I find myself on a journey in the desert. A dry season, long and endless, prone to complaints, easy to get lost. With interest anew, I've begun to look into the book of Exodus, the story of when Moses led the Israelites out of Egypt and through the desert. A dry season. Long and endless. They were prone to complaints - loud ones. And it was easy for them to get lost.

They were hungry, angry with God, and looking for answers. Not the least of their concerns was something to eat. Please. Food.

Moses, an intercessor on behalf of the Israelites, presented their complaints to God. I sort of love how he says it... "They're complaining to me, God, but really they're grumbling against you. Could you show me what's next, perhaps show me how to encourage them?"

And God does.

"The Lord said to Moses, "I will rain down bread from heaven for you. The people are to go out each day and gather enough for that day."

And the next day, after the morning dew was gone, there appeared thin flakes like frost on the ground. (I like to picture the ground covered with a fine layer of instant mashed potatoes.) :)

"And when the Israelites saw it, they said, "What is it?" For they did not know what it was. And yet they baked what they wanted to bake; they boiled what they wanted to boil. It was just enough for that day, and anything they tried to save for the next day became spoiled over night."

Maggots. Smelly garbage. No saving this stuff, Israelites. Listen up. You have to start new. Every day.

Each morning, everyone gathered what they needed, and each afternoon, as the sun grew hot, it melted away. They had just enough for today, and God sustained them, one day at a time.

I have thought much about this. About the sustenance for just one day, how it could not last a second day. I have thought of this foreign stuff they had never known before, this something that satisfied their stomachs - and thereby their spirits.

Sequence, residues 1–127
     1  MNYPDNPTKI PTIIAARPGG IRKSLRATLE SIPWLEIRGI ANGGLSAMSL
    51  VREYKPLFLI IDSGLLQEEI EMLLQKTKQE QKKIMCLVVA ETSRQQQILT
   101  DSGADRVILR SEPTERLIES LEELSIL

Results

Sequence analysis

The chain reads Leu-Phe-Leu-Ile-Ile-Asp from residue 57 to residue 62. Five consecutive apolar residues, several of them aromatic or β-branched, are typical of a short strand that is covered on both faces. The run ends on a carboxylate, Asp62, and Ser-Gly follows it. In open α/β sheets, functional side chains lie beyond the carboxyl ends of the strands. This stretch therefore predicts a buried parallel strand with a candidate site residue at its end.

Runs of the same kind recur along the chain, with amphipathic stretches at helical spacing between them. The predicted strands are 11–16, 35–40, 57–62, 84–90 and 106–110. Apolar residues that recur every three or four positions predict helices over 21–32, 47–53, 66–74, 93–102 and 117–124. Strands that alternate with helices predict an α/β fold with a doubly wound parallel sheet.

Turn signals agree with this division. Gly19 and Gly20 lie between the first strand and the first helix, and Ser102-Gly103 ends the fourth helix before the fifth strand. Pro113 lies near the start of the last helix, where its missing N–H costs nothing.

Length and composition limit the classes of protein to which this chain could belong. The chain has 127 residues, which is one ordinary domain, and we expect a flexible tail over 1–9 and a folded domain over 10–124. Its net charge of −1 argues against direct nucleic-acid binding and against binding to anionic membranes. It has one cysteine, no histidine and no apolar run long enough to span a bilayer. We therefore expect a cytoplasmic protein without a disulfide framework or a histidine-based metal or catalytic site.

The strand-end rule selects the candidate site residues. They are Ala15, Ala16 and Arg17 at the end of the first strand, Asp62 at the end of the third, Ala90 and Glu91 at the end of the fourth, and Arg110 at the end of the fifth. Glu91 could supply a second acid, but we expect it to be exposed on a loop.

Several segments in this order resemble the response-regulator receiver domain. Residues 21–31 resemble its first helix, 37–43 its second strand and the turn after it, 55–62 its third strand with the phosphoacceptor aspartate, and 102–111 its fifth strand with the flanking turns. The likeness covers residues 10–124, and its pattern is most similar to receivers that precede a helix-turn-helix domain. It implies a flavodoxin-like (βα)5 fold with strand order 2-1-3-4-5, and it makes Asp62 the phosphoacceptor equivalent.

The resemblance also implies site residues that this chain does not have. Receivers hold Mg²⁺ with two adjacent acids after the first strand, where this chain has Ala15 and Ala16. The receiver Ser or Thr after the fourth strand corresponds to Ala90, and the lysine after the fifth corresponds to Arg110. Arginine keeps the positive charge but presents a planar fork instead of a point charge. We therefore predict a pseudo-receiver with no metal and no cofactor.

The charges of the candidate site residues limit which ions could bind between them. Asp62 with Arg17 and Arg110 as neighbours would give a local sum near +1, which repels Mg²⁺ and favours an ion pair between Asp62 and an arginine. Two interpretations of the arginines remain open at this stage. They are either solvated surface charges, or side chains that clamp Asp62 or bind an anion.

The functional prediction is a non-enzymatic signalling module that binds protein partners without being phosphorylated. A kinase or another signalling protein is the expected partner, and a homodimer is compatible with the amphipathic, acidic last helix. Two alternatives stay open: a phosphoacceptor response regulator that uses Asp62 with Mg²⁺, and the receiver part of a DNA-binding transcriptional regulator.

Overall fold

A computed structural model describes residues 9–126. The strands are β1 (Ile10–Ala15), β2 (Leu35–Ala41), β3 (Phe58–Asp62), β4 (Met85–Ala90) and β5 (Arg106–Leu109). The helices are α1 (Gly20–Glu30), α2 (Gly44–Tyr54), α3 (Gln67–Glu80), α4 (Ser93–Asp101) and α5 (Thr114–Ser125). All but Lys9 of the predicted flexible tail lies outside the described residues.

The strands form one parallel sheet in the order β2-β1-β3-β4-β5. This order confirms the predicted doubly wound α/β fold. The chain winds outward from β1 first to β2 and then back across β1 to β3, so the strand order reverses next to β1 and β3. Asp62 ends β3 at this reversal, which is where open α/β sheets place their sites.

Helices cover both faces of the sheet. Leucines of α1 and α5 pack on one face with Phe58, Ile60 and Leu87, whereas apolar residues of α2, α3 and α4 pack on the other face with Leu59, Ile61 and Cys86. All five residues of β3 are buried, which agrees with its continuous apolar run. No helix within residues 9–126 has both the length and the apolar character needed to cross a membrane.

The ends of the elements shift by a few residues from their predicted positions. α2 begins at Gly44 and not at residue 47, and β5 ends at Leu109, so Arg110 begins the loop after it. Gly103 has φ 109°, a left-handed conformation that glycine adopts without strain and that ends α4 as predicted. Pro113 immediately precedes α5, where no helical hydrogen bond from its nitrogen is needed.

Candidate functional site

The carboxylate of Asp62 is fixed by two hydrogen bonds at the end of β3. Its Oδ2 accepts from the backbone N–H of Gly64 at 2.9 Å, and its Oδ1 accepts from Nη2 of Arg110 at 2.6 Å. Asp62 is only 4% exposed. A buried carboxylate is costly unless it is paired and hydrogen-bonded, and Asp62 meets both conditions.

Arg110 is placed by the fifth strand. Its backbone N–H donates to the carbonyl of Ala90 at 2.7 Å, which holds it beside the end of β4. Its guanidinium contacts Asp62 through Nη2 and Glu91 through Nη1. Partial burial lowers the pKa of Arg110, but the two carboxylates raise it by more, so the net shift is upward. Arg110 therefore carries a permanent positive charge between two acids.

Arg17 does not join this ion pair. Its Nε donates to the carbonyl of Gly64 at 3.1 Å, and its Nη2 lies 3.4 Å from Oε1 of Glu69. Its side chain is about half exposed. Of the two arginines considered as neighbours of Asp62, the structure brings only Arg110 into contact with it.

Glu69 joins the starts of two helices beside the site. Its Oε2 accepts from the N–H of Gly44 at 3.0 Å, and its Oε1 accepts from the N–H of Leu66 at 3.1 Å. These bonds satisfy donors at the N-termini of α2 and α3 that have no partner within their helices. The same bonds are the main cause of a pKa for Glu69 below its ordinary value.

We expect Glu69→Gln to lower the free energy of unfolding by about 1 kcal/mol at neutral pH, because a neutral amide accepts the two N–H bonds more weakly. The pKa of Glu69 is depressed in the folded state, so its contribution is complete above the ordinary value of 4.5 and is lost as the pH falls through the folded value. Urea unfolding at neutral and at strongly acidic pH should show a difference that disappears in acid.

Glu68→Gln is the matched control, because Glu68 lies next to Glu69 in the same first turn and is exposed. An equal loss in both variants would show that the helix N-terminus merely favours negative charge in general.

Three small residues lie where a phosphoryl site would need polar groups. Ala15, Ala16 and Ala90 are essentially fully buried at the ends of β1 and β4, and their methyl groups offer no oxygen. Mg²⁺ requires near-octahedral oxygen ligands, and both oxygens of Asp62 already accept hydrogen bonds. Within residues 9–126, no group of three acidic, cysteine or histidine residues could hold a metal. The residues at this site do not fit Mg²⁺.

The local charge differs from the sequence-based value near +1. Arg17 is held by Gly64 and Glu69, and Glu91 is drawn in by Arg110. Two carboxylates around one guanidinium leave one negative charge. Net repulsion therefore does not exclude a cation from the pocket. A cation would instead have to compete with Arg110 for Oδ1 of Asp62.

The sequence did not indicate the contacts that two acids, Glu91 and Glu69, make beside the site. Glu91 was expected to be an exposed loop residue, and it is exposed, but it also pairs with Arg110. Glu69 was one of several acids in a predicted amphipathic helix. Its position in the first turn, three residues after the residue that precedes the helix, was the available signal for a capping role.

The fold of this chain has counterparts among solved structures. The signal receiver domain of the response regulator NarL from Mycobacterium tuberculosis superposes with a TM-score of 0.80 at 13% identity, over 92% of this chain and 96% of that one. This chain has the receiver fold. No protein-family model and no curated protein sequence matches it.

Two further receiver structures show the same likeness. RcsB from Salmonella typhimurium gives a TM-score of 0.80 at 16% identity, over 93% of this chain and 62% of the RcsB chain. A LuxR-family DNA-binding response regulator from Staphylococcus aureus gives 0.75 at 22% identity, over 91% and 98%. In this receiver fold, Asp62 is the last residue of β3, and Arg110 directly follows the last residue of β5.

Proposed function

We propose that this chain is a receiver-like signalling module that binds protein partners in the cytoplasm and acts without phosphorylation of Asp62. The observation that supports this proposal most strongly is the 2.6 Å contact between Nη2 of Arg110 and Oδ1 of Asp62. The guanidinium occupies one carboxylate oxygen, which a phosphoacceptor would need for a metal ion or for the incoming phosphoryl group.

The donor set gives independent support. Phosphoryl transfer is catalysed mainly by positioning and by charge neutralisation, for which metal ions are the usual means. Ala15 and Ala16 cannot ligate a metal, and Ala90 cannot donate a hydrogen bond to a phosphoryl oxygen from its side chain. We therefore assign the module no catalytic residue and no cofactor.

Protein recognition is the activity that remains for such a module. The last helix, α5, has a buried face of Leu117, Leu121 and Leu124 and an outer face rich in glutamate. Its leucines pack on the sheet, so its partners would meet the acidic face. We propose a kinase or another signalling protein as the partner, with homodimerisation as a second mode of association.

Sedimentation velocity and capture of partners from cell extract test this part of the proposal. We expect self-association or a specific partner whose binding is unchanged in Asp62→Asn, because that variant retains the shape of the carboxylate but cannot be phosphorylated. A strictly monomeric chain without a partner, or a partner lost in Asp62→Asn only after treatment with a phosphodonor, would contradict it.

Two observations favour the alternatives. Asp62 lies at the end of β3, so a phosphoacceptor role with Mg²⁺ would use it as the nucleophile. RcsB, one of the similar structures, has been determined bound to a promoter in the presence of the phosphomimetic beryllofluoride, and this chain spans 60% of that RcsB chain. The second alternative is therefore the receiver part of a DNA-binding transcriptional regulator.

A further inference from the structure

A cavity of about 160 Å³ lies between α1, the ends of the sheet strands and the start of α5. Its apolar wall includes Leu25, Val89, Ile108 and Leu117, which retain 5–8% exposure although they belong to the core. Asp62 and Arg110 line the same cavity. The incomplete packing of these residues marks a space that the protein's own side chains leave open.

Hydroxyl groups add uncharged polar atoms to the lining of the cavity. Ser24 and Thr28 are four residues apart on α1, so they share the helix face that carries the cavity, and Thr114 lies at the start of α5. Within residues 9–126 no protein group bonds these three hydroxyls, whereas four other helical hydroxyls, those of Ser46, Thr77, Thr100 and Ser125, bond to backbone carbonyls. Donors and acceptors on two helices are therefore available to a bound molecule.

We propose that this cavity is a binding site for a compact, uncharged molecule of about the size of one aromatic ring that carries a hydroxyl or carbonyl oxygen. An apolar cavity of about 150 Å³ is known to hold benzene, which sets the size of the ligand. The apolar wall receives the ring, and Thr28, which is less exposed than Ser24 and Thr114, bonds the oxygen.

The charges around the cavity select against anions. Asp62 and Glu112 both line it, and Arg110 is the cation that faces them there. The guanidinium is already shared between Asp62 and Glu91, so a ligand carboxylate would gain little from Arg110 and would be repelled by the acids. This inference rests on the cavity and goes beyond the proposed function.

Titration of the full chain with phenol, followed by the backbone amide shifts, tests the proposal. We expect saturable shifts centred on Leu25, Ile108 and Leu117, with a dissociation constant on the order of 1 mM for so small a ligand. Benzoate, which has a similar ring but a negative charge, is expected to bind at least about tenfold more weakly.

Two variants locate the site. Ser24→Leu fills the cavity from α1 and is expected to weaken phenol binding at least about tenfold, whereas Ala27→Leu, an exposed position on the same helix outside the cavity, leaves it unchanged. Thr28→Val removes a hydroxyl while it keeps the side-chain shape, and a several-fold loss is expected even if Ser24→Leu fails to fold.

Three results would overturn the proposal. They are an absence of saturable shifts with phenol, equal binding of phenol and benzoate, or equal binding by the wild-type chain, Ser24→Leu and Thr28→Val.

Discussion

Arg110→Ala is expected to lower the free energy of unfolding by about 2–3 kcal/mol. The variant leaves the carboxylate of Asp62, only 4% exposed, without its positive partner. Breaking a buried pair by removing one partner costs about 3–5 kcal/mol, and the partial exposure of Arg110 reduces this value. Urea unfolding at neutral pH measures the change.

Nancy Guthrie has written about this in The One Year Book of Hope, in which she is escorting me on a year's journey derived from her heart's path after the deaths of two of her children.

She writes,

"I'll never forget standing in my kitchen with my sister-in-law, Caroline, after Hope's memorial service. "How do you do this?" I asked her, wondering how I would get through that day and keep facing the days to come. Caroline knew what it was like to bury someone she loved. Before my brother came into her life, she had dealt with the devastating loss of her first husband when he was killed in a car accident two weeks after they got married. Her answer to my desperate question was simple: 'Manna.'

She explained that just as the children of Israel were dependent on God to provide manna to sustain them every day while they wandered in the wilderness, I had to depend on God to give me the manna I needed every day to sustain me as I grieved my loss."

Complementing Guthrie's writing, and yet with a grief-healed perspective all her own, I find Ann Voskamp's words in her book, One Thousand Gifts.

"When we find ourselves groping along, famished for more, we can choose. When we are despairing, we can choose to live as Israelites gathering manna. For forty long years, God's people daily eat manna - a substance whose name literally means, 'What is it?' Hungry, they choose to gather up that which is baffling. They fill on that which has no meaning. More than 14,600 days they take their daily nourishment from that which they don't comprehend. They find soul-filling in the inexplicable.

They eat the mystery.

They eat the mystery.

And the mystery, which made no sense, is 'like wafers of honey' on the lips."